At the beginning of the year I give students a get-to-know-you survey as an assignment. By far the question more kids have trouble with every year is “Name 3 accomplishments you are proud of.”
This is no surprise. Most kids don’t want to be seen as self-centered, egotistical or a braggart. Yet, think about college applications. Think about any job interview you’ve been to. Inevitably one question comes along the lines of “What have you done?” – or for our kids, “What sets you apart from the thousand of other kids I’ve read about?”
Being able to describe your accomplishments and talents, in an informational and non-boastful manner, is a skill that can be developed. However, there is a fine line to walk between informing others and bragging; we can help students walk that line. Before we can help them walk the line they have to first learn how to start walking – which in this case means we can’t help kids promote themselves humbly until they first start promoting themselves.
The first big hurdle is getting kids to realize the skill of self-promotion is worth it. College applications are a great motivator, but only for students where the proximity to applying for college or a job adds urgency. Here’s one place where tapping into pop culture knowledge can help.
Often the most successful entertainers are not the most talented ones, but often they are the ones with the strongest work ethic and the most skilled at self-promotion. In 2015 Kanye said during a radio station interview “Humbly, I would say I’m the most influential person in footwear right now.” Hate him or love him, Kanye is an expert at drawing attention to what he has to offer, and utilizes his stature as a multi-platinum recording artist to help increase exposure for his other endeavors. That ability to self-promote has been the biggest driver in his career, regardless of his talent (or “talent.”)
The second big hurdle is to help kids fine-tune that line between sharing and bragging. All kids approaching graduation should have at least three of those moments they can speak about in writing and in person, whether for a college application or job interview or inquisitive relative. I like to consider three things when developing how to share a specific moment:
- Does the accomplishment leave the listener with a better impression of you?
- Would the listener know enough about the situation to truly understand the magnitude of your accomplishment?
- Is it relevant / appropriate for you to share the accomplishment at that moment?
Moments should always improve how an employer or admission board would look upon you – otherwise there’s no reason to share. Sometimes those moments require more description to help people appreciate why they should have a better impression of you. If you took apart and cleaned a carburetor by yourself, is this the first one you’ve ever done? Did you have to teach yourself how? Did you have any unforeseen obstacles you had to overcome to be successful? Those all help add qualities to your story that you may want to portray.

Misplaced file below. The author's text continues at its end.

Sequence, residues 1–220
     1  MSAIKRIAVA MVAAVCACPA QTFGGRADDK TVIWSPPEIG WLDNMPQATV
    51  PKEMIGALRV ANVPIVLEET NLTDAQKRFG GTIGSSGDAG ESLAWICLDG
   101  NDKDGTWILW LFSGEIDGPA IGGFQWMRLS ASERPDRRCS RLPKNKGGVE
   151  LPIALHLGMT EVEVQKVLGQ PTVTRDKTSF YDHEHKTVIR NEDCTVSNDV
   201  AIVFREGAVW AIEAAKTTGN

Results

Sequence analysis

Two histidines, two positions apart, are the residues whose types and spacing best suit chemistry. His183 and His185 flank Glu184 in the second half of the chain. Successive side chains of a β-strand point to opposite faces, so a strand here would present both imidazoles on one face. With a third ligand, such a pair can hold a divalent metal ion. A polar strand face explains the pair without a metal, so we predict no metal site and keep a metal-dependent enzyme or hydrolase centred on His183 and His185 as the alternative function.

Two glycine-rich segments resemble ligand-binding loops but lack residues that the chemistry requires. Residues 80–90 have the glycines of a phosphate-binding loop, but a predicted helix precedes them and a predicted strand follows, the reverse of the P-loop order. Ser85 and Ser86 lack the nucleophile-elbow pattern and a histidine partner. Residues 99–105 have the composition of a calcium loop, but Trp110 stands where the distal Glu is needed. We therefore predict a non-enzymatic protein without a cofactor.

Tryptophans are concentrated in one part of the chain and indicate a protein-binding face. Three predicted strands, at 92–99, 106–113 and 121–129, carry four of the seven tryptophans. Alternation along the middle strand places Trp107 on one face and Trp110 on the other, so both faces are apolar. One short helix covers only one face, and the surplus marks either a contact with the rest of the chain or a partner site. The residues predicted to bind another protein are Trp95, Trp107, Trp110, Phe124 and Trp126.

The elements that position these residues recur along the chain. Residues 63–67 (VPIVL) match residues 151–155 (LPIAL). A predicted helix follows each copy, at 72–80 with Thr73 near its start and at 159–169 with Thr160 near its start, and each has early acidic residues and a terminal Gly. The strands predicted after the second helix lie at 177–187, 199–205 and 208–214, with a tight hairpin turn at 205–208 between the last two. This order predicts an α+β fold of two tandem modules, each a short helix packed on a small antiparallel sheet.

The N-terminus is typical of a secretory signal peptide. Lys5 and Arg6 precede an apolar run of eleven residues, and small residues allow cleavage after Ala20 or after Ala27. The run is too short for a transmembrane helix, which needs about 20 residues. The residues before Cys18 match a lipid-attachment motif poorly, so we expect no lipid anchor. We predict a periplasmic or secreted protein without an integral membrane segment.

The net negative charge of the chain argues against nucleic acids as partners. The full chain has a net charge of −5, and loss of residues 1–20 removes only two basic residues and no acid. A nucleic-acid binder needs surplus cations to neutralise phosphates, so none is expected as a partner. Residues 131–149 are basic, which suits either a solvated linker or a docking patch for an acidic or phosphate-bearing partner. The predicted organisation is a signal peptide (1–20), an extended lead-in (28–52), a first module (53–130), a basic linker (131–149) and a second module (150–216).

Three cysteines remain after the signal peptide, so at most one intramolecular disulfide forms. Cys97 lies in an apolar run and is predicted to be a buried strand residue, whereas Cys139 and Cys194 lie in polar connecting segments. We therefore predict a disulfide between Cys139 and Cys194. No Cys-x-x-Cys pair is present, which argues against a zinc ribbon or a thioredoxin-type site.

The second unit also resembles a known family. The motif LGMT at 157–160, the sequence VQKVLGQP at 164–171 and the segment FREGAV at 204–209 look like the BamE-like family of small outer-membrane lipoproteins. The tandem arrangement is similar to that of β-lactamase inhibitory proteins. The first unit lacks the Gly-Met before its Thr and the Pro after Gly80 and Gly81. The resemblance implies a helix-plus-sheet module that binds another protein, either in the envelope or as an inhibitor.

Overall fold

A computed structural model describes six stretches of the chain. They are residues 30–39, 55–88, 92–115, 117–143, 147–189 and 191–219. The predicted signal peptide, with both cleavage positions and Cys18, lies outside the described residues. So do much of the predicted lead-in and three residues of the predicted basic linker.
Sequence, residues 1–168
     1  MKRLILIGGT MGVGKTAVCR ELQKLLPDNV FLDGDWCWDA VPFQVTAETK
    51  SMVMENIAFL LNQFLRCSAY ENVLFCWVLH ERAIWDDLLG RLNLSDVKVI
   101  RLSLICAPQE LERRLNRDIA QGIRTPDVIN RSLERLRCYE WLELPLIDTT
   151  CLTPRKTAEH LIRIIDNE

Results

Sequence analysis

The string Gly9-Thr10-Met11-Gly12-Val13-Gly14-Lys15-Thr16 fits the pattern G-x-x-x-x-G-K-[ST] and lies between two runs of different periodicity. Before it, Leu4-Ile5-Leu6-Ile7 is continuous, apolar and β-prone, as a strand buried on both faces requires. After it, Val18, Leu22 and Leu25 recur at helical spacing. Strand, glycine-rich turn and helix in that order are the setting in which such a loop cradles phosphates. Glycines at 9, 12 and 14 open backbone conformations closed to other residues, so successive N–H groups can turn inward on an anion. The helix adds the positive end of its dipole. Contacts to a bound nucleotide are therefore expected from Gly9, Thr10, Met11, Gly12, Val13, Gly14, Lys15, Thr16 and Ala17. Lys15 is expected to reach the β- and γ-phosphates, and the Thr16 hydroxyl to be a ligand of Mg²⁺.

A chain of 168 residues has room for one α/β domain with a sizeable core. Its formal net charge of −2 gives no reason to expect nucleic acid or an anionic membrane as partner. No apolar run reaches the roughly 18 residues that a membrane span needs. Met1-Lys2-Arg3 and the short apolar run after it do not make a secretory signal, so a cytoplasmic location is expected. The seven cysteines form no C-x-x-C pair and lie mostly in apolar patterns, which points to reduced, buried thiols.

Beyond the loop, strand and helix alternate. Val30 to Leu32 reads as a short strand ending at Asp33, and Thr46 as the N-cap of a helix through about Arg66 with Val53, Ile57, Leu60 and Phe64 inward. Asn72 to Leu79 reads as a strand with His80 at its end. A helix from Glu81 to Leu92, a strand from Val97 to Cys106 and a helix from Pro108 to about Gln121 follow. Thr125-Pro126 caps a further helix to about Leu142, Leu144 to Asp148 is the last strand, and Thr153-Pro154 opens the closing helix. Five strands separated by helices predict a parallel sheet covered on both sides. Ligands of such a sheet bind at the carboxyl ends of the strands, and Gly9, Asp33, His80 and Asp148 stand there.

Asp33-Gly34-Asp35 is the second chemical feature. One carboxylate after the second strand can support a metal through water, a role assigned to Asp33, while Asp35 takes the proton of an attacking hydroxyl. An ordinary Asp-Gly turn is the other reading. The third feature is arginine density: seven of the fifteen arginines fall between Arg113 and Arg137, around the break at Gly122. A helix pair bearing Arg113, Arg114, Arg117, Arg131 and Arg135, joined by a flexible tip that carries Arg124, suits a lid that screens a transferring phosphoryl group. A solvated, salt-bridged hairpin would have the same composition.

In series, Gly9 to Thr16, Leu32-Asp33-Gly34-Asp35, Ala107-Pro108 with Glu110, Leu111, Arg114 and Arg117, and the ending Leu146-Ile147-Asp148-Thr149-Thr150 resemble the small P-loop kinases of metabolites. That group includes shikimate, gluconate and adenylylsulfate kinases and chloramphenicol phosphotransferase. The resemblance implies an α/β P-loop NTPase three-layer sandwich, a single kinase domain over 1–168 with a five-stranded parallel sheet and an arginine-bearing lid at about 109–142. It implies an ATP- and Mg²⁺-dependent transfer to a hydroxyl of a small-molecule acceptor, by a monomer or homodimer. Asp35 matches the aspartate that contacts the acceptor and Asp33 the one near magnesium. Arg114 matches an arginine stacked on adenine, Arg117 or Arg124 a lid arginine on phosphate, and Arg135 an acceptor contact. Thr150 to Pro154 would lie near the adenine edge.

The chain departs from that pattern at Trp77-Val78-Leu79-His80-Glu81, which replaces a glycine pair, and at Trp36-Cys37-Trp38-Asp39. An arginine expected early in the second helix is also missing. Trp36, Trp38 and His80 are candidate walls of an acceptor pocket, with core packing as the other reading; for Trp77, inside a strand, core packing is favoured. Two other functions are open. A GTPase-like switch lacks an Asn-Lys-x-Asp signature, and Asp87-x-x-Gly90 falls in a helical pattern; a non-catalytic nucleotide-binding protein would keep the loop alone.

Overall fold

Finally, are you sharing for a reason? Typically there is an opportunity in every interview or application where you are asked to share how you overcame a tough situation or persevered in the face of failure. Tweak your proud moments to the kinds of questions that will likely be asked.
One activity you can do in light of the current political landscape is analyze both major party’s candidates statements. Pull quotes from the most recent debates, ads, or interviews and have kids critique statements from both candidates. Have them find flaws, but focus on having kids improve the statements. What could they add to educate and sway an independent voter? Someone on the other side? Do the statements leave a better impression of the speaker?
Sharing humbly & honestly the great things you’ve done is a difficult skill to master, but is one truly worth developing. Do you have any activities or ideas you use to help students build this skill?
“Golden Egg Indicates Odd One Out And Alone” image courtesy of Stuart Miles at FreeDigitalPhotos.net
Kanye West image by David Shankbone via Flickr
“Stand Out From The Crowd” image courtesy of Master isolated images at FreeDigitalPhotos.net
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